Meeting with the Emir of Kuwait at the White House this past week, President Trump hit the right notes. He has forged a strong friendship with this Gulf nation, and it will serve America's interests.
The president on Thursday touted his work with Kuwait this year, expediting State Department approval of a $5 billion order of F-18 fighter jets. The State Department is notoriously slow to approve foreign military sales, and America's allies and workers suffer from it's grinding bureaucracy. But with Kuwait's sovereign wealth fund investing around $300 billion in the U.S. economy, it makes sense for Trump to draw on that potential.
Trump responded well to questions about the stand-off between Qatar and other Sunni monarchies including Kuwait. Qatar has infuriated its erstwhile partners by aligning itself with Iran, funding terrorist groups, and by empowering Al Jazeera's investigative journalism. Hardly looking like an isolationist, Trump offered himself as a mediator, stating, "I think you would have a deal worked out very quickly."
Asked by a Saudi journalist whether he remains committed to resolving the Israeli-Palestinian conflict, Trump presented honest optimism, "They say it is the world's most complex and difficult deal. You know that. But it is something that could happen. I believe that the relationships that we have with both can help." Although neither Israel nor the Palestinian Authority have shown recent energy in the peace process, Trump's efforts here are rightly welcomed by the Sunni monarchies. And they matter for U.S. security in helping to address a conflict that fuels Islamic extremism.
Trump did more. To alleviate Kuwait's greatest fear, Trump called out "the Iranian regime, who supports terror groups and radical militias." This U.S. assurance of Kuwaiti security reduces its leaders inclination to fund Sunni terrorist groups to counterbalancing Iran. But Trump wanted something in return, again pushing the Sunni monarchies to step up efforts to stanch illicit terrorist financing. This priority is rendering dividends in Kuwait, where the government is cracking down on private financiers for groups including Al Qaeda and the Islamic State.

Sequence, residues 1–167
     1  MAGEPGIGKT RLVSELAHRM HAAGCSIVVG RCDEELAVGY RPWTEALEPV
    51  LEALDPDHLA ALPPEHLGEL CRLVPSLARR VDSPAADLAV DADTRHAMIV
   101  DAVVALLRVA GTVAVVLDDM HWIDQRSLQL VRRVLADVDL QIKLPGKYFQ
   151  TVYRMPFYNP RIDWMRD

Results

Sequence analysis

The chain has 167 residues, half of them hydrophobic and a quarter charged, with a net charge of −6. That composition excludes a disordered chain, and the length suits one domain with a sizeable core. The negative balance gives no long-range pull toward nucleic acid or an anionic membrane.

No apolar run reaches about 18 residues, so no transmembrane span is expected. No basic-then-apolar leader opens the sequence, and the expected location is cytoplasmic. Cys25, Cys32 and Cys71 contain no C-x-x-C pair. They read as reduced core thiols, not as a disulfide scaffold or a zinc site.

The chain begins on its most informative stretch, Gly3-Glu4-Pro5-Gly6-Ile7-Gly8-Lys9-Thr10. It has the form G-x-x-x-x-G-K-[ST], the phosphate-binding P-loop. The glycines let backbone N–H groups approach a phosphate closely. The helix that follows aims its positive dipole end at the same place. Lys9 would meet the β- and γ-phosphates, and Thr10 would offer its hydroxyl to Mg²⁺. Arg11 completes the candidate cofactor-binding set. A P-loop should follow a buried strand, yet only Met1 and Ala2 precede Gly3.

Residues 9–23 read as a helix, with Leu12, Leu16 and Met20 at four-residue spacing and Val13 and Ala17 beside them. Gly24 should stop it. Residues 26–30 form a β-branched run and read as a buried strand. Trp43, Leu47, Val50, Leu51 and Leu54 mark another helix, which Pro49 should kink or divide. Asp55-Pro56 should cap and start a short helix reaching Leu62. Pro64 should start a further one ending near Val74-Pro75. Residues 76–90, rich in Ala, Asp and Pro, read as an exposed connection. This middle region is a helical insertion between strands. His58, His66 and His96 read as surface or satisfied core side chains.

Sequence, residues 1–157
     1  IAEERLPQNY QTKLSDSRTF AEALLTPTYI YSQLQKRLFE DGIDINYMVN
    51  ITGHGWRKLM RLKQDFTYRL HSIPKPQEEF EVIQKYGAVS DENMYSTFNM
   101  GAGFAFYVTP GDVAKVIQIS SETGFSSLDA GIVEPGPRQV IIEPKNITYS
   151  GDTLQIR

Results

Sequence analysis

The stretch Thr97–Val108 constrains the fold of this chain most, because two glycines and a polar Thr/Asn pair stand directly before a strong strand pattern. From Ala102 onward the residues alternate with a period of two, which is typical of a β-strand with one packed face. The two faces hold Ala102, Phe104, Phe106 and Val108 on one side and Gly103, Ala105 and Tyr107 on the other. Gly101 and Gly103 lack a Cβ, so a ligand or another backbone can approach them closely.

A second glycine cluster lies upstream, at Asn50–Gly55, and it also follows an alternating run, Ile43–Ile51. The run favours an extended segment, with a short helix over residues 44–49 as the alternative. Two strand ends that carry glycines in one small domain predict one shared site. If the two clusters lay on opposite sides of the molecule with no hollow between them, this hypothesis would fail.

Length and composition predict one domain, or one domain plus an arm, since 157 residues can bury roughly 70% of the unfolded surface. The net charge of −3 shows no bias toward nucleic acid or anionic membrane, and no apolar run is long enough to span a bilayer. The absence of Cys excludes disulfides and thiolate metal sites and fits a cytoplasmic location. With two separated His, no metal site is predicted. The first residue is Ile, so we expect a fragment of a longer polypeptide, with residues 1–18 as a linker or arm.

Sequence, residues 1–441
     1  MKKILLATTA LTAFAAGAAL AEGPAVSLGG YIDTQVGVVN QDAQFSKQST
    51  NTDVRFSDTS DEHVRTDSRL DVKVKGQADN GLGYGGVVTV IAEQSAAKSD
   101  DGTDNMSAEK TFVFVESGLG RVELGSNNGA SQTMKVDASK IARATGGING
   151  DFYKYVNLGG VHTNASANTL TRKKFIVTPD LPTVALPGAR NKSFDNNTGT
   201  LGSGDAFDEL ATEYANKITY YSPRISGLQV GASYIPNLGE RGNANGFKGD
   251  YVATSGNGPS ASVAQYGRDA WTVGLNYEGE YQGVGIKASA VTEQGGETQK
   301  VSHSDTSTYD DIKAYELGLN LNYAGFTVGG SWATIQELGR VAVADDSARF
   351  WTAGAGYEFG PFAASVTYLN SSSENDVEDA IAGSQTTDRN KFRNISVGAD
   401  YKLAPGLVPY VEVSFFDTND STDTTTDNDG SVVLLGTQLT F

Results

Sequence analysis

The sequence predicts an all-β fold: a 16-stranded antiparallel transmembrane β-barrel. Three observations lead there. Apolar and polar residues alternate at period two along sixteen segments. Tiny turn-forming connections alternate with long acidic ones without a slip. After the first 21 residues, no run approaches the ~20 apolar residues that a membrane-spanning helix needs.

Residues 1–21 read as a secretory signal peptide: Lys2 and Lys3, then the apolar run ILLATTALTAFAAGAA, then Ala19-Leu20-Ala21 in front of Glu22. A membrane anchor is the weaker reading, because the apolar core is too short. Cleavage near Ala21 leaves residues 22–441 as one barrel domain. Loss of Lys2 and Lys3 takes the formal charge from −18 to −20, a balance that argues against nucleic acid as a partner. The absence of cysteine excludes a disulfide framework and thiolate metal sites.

Trump's strong Kuwait play matters for yet another reason. The kingdom's aging leader offers an example for the co-existence of Islam and modernity. Today, Kuwait has women serving in its parliament. Its press is one of the freest and most creative in the Arab world. Kuwait's broader record on women's rights is also inspiring. As the IMF noted in 2013, "Kuwait's labor force participation rate for Kuwaiti women (53 percent) is slightly above the world average (51 percent) and much higher than the Middle East/North Africa average (21 percent)." The female participation rate is also higher than the Kuwaiti male participation rate.
These things matter to American security in that they offer a reform template for other regional monarchies such as Saudi Arabia. Absent that reform, as oil prices continue to decline and youthful populations — 40 percent of Kuwaitis are under 24 years old — struggle to find opportunity, terrorists will be the beneficiaries.
Relations with Kuwaiti are imperfect. America disagrees with the emirate over the Syrian Civil War, where the Kuwaitis favor tougher action against Assad. Still, unlike former President Barack Obama's blowout with the Sunni monarchies over his rapprochement with Iran, Trump has kept disagreements isolated, partly by relying on good advice. He also seems to have a knack for Arab culture and its dependence on exchanged respect and personal bonds. This was shown at the press conference's conclusion, as the two leaders left the White House stage. Recognizing the Emir's 88 years of age, Trump held hands with the monarch to help him down. Holding of hands in Arab culture is a deep sign of affection and respect, and one that Mr. Trump's predecessor deliberately ignored.
But it matters for American interests. And it was well done.